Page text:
Get guidance from your surgeon and physical therapist on the timing and type of exercises needed, and always ask your surgeon before starting any of the following exercises., especially exercises involving the BACK or NECK after fusion surgery.

The following are simple stretching and strengthening exercises that can be used to keep your muscles loose and enhance the musculoskeletal healing after spine surgery.
For safe and effective exercise, breathe normally, avoid twisting, bending or arching your spine, and stop if you feel sharp pain.

Buttocks Squeeze

Strengthens buttocks muscles.
Lie on your back with your spine aligned.
Squeeze your buttocks muscles together.
Count to five, then relax.

Partial Sit-Up

Strengthens the abdominal muscles.
DO NOT do partial sit-ups unless your doctor or physical therapist says you can.
Lie on your back, spine aligned and knees bent.
Brace your abdominal muscles and squeeze the buttocks muscles together.
Reach your hands toward your thighs and tighten your abdominal muscles to lift your shoulders off the floor. Focus your eyes on the ceiling; don’t bend your neck toward your chest.
Work up to holding for one minute, several times a day.

Heel Raise

Helps to strengthen calf muscles.
Stand with your spine balanced. Hold on to a counter, table, sturdy chair, or railing.
Rise on your toes, then lower your heels to the floor.

Calf Stretch

Helps make standing and turning easier.
Stand with your spine balanced. Step forward with one foot.
Place your hands on a wall or the back of a sturdy chair.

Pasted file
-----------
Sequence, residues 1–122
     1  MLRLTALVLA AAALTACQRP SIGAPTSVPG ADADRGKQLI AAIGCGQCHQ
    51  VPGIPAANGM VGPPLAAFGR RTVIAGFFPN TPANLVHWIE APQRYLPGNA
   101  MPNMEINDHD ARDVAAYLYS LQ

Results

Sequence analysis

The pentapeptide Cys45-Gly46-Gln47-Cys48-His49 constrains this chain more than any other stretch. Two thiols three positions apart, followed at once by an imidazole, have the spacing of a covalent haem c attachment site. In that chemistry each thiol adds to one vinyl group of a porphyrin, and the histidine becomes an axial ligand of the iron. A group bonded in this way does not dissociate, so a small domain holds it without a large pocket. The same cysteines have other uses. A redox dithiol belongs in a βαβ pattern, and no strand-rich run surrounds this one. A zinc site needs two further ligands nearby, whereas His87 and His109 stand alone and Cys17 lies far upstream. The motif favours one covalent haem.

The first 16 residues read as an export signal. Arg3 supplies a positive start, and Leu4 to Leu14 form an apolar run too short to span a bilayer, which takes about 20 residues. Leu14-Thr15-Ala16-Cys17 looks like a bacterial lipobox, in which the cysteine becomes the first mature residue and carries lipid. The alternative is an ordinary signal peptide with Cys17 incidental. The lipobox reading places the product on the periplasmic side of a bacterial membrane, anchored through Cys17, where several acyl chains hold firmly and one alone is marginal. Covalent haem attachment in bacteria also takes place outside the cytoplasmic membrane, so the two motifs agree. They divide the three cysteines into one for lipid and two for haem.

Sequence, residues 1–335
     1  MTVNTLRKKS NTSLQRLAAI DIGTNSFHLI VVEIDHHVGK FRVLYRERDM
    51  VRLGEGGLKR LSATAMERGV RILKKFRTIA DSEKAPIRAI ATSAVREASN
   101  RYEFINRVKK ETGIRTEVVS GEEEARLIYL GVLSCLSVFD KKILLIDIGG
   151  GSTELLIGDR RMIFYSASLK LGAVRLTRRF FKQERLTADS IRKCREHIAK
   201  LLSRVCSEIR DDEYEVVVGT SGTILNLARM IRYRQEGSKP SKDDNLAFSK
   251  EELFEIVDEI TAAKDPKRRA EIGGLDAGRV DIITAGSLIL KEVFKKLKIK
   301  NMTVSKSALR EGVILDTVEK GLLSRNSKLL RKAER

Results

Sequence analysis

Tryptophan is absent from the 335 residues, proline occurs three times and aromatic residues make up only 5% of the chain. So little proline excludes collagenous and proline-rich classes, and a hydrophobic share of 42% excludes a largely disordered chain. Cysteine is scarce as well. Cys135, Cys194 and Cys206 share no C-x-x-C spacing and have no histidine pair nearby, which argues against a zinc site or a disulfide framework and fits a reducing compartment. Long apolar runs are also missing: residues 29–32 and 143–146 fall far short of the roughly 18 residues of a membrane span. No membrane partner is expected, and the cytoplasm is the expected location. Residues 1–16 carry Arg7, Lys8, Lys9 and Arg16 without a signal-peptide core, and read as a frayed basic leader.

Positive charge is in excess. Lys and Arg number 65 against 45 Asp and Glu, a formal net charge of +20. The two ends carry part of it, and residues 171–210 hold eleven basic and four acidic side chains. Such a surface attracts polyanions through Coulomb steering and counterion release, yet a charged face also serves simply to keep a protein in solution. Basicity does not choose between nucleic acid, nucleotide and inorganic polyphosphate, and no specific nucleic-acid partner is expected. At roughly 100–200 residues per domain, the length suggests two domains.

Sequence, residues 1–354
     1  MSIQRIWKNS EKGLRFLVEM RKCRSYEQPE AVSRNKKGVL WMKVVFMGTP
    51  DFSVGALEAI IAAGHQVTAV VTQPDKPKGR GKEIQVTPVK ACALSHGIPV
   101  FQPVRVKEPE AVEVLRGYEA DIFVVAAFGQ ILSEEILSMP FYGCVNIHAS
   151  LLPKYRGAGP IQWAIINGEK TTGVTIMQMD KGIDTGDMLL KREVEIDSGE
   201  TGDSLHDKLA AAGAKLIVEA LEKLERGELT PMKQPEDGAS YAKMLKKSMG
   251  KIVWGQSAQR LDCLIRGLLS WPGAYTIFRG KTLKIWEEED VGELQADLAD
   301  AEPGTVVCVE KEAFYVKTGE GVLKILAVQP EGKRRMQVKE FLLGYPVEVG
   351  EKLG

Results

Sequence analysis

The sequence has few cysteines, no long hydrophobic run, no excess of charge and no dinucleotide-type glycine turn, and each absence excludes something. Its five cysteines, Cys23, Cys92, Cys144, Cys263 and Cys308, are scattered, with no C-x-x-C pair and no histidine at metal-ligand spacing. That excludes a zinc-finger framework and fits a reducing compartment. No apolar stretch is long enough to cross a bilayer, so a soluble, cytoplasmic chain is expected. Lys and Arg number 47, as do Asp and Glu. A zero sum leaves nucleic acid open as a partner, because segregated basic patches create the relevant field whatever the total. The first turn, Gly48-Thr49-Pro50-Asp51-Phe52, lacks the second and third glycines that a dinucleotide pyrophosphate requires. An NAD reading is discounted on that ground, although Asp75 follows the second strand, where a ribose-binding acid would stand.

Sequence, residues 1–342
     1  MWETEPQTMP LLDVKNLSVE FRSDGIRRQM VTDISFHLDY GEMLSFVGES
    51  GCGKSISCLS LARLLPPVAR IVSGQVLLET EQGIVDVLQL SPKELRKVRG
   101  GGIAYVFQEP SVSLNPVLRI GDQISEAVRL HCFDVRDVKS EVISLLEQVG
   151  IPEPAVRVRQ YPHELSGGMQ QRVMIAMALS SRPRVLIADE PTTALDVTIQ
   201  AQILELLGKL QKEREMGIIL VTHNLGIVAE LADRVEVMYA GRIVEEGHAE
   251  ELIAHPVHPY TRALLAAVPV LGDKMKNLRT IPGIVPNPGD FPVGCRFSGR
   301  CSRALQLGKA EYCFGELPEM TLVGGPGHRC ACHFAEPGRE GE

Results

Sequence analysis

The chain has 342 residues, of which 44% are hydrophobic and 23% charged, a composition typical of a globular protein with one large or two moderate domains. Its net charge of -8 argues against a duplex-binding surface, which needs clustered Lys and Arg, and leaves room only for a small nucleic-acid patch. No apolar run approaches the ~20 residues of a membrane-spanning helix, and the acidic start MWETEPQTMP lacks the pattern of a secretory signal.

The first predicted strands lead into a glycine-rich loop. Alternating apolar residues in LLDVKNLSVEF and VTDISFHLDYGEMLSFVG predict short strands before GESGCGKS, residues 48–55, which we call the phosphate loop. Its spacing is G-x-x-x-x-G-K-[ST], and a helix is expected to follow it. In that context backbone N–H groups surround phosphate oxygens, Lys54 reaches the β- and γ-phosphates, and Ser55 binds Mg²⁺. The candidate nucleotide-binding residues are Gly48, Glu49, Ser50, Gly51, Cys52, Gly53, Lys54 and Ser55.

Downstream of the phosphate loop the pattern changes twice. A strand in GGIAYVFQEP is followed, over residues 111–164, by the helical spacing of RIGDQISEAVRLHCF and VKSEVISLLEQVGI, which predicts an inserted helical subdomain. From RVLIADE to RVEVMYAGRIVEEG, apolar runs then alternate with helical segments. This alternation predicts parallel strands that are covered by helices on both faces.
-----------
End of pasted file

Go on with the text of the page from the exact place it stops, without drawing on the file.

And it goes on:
Keep both heels on the floor.
Bend your front leg until you feel the stretch in your back leg.
Count to 20, then switch feet.
Do not arch your back.

Opposite Hand-Knee Push

Strengthens the muscles in your abdomen and thighs.
Sit with your spine in a neutral position. You may want to use a lumbar support.
Tighten your lower abdomen.
Lift your left knee and push against it with your right hand for 20 counts.  Repeat with the left hand and the right knee.

Wall Slide

Helps to strengthen your thighs.
Stand with your back against a smooth wall.
Put your feet 18-24 inches away from the wall and slightly apart.
Relax your shoulders.
If needed, place a rolled-up towel behind your lower back to keep your spine in a neutral position. Slide slowly down until you’re halfway between sitting and standing. Hold for at least ten counts, then slide back up.

Hamstring Stretch

Stretches the muscles in the back of your thigh.
Lie on your back with one knee bent.
Tighten your abdominal muscles.
Put a towel or your hands around the back of the thigh of the straight leg.
Slowly pull the towel toward you, keeping the knee straight.
Hold for ten counts, then switch legs. Raise the leg a little higher each day.
If you feel tingling or pain in your back or legs, you’re not yet ready to do this exercise.

Quadriceps Stretch

Strengthens the muscle on the front of the thigh.
Stand with your feet shoulder-width apart.
To keep your balance, hold on to the back of a sturdy chair
or a nearby wall with your right hand. Grasp your left ankle with your hand.
Pull your left heel toward your buttocks. Don’t arch your
back or lean sideways.
Hold for 20 counts, then switch legs.

Chest-Shoulder Stretch

Relaxes the chest and shoulders.
Stand facing a corner with your back in a neutral position.
Put one foot slightly in front of the other. With arms bent at right angles, place your hands on the walls. Keep the elbows at shoulder height. Gently lean toward the corner. Feel the stretch across your upper chest. Don’t arch your back.

Pelvic Tilt

Strengthens abdominal muscles.
Lie on your back with your knees bent and your feet flat.
Tighten your stomach and buttocks, and gently press your low back into the bed. This tilts your pelvis. Hold for five seconds. Repeat 10 times. Do this twice a day.